Reclaiming Fair Use begins by surveying the landscape of contemporary copyright law--and the dampening effect it can have on creativity--before laying out how the fair-use principle can be employed to avoid copyright violation. Finally, Aufderheide and Jaszi summarize their work with artists and professional groups to develop best practice documents for fair use and discuss fair use in an international context. Appendixes address common myths about fair use and provide a template for creating the reader's own best practices.
Copyright laws, along with other Intellectual Property Rights (IPRs), constitute the legal foundation for the "global knowledge-based economy" and copyright law now plays an increasingly important role in the creation of business fortunes, the access to and dissemination of knowledge, and human development in general. This book examines major problems in the current IPR regime, particularly the copyright regime, in the context of digitization, knowledge economy, and globalization. The book contends that the final goals of IP law and policy-making are to enhance the progress of science and economic development, and the use and even-distribution of intellectual resource at the global level. By referring to major international IP consensus, recent developments in regional IP forums and the successful experiences of various countries, YiJun Tian is able to provide specific theoretical, policy and legislative suggestions for addressing current copyright challenges. The book contends that each nation should strengthen the coordination of its IP protection and development strategies, adopt a more systematic and heterogeneous approach, and make IP theory, policy, specific legal mechanisms, marketing forces and all other available measures work collectively to deal with digital challenges and in a way that contributes to the establishment of a knowledge equilibrium international society.
Designed to be of use to all levels of educators working with students--from high school to post-graduate--this book addresses the problems and concerns facing librarians and educators involved in the process of teaching academic honesty. Many of the original authors from The Plagiarism Plague have returned with new essays along with new voices, a majority of whom represent the next generation of librarianship, the Web 2.0 professional.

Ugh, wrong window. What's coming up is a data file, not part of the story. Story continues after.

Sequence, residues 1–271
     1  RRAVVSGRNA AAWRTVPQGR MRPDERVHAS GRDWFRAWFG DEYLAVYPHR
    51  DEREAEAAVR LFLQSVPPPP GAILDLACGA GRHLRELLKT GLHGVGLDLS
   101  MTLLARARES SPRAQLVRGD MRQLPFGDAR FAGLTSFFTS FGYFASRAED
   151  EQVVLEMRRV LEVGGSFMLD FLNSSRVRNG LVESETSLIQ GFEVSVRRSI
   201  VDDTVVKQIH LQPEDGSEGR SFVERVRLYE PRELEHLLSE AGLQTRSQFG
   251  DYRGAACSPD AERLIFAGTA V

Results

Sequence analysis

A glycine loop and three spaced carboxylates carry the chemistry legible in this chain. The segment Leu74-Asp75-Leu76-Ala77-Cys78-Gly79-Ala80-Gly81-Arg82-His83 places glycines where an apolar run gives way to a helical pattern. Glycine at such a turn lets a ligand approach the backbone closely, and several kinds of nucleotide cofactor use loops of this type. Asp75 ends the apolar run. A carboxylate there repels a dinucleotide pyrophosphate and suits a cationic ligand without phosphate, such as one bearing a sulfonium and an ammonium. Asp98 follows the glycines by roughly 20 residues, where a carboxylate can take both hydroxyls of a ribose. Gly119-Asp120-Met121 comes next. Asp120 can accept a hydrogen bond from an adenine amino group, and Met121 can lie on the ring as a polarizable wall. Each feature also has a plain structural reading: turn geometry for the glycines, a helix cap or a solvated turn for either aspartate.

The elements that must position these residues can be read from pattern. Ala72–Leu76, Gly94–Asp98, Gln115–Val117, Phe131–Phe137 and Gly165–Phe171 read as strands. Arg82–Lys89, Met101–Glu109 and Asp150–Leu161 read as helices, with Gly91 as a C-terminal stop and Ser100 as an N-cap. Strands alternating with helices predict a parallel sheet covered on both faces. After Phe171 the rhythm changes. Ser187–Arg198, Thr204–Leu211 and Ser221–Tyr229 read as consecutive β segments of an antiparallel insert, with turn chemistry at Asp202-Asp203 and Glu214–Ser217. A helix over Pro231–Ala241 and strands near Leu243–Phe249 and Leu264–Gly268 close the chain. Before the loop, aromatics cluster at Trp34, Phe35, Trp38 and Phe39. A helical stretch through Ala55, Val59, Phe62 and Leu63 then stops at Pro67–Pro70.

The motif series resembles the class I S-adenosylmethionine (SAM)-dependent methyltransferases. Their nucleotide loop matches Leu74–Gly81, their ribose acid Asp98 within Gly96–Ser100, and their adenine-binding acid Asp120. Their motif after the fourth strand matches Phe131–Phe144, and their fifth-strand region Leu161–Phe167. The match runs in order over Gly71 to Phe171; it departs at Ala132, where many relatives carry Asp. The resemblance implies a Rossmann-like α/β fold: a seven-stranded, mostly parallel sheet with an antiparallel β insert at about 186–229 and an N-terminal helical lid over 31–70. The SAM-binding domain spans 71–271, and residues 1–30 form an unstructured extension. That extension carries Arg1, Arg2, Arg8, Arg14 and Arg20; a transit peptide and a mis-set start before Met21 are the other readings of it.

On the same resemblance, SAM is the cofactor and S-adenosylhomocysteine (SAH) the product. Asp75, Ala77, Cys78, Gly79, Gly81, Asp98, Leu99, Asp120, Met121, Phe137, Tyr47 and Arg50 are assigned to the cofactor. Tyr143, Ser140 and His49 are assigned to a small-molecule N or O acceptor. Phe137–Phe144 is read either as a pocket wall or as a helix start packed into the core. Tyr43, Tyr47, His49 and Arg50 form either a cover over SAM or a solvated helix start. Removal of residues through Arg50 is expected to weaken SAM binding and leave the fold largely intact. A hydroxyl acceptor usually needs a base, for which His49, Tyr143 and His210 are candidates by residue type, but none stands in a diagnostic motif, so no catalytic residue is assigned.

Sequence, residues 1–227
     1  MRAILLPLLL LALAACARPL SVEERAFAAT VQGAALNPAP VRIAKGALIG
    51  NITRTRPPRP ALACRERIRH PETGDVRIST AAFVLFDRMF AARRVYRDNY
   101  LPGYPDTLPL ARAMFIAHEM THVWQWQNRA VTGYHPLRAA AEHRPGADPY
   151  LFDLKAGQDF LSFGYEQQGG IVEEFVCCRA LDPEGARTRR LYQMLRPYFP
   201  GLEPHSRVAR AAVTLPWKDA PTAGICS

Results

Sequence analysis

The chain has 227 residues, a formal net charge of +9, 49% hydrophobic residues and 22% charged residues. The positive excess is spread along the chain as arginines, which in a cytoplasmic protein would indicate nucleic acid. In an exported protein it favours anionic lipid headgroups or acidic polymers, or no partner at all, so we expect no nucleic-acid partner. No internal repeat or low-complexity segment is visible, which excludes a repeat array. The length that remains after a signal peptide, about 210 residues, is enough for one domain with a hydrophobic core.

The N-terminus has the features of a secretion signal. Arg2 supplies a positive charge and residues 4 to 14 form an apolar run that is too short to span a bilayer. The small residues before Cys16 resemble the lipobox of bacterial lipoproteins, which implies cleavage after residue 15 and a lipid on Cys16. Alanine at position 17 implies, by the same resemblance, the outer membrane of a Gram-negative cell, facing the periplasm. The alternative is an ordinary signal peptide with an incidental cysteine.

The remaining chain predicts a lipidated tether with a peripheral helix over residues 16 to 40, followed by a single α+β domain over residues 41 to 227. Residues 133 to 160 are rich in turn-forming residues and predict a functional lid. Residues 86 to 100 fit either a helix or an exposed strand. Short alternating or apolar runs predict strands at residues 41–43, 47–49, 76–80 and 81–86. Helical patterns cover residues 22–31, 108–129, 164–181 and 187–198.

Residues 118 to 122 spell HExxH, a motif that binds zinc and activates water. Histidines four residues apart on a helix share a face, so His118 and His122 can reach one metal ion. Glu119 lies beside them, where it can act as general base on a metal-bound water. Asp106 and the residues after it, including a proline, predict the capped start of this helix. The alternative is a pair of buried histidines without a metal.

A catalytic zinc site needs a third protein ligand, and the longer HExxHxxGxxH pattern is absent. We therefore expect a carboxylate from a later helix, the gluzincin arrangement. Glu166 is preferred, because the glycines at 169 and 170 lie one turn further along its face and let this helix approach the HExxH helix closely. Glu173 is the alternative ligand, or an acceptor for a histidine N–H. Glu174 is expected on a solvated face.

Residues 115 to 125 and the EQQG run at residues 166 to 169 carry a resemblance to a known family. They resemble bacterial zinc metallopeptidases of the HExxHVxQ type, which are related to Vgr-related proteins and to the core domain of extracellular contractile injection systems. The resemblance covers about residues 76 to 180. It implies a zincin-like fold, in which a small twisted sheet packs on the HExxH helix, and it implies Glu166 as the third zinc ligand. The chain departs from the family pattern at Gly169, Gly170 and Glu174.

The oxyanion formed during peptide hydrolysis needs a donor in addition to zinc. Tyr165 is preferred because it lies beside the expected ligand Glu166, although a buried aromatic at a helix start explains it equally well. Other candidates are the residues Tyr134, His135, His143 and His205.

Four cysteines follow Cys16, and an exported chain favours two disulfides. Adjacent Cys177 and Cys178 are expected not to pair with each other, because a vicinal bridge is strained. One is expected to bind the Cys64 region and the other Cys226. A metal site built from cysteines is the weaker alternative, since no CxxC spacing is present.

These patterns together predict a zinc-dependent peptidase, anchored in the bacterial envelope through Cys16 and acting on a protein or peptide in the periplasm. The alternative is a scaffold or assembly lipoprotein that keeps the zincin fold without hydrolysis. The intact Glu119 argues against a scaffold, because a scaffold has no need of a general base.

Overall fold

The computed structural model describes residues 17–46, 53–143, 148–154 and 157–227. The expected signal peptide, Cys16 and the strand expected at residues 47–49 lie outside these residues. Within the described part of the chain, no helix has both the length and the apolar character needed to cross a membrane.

Teaching Plagiarism Prevention to College Students: An Ethics-Based Approach provides an innovative approach to plagiarism instruction by grounding it in ethics theory. By providing an ethics foundation to plagiarism instruction, this book helps the plagiarism instructor to address both unintentional and intentional plagiarism behaviors among students. This book provides tools to address why plagiarism is an important ethical issue in an academic environment.This book introduces general principles of ethics adaptable to library instruction of plagiarism in a variety of learning settings. It guides an instructor through curriculum pedagogical design drawing on library and ethics training literatures. It provides examples of materials to support the implementation of an ethical approach to plagiarism instruction. Finally, it outlines a detailed approach to assessment in order to measure changes in student reactions, learning, and behaviors as a result of this instruction. It further provides guidance in how to communicate institutional outcomes to key decision-makers.
Inexpensive, consumer-friendly digital video cameras are fueling the explosion of online video sites. Video cameras are even embedded in cell phones, music players, and a variety of other consumer devices. Video can be shared online with a single click-more than 20 hours of video are being uploaded to the internet every minute. These developments are making it easier than ever to create, view, and remix digital video-and students are already doing it in their free time. So why not use digital video to engage students and bring lessons to life with sound and motion? By watching, analyzing, and creating videos, students can visualize fractals, calculate the speed of sound, demonstrate critical thinking about historic events, and much, much more.
Based on a series of previously published articles, Technology Law adopts a reader-friendly approach to the problems and issues facing those of us who depend on technology to make a living. Avoiding technical jargon, this book offers simple explanations of why certain laws exist, what they mean, and suggestions for responding to them responsibly and effectively.
Here are authoritative answers to the critical legal questions that make digital collection development and management so challenging and complex. Librarians, educators, technology leaders, information science educators, and anyone involved with digitized content will find this volume useful.
The complex world of online piracy and peer-to-peer file sharing is skillfully condensed into an easy-to-understand guide that provides insight into the criminal justice approach to illegal file sharing, while offering guidance to parents and students who have concerns about potential legal action in response to file-sharing activities.